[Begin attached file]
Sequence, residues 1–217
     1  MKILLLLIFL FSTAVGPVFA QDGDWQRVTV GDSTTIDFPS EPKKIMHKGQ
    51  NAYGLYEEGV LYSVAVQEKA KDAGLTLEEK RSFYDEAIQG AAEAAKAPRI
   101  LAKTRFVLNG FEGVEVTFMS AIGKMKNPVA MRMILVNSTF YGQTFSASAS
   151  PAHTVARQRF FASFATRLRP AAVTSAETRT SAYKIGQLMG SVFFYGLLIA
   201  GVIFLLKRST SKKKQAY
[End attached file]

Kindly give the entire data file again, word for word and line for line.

Sequence, residues 1–217
     1  MKILLLLIFL FSTAVGPVFA QDGDWQRVTV GDSTTIDFPS EPKKIMHKGQ
    51  NAYGLYEEGV LYSVAVQEKA KDAGLTLEEK RSFYDEAIQG AAEAAKAPRI
   101  LAKTRFVLNG FEGVEVTFMS AIGKMKNPVA MRMILVNSTF YGQTFSASAS
   151  PAHTVARQRF FASFATRLRP AAVTSAETRT SAYKIGQLMG SVFFYGLLIA
   201  GVIFLLKRST SKKKQAY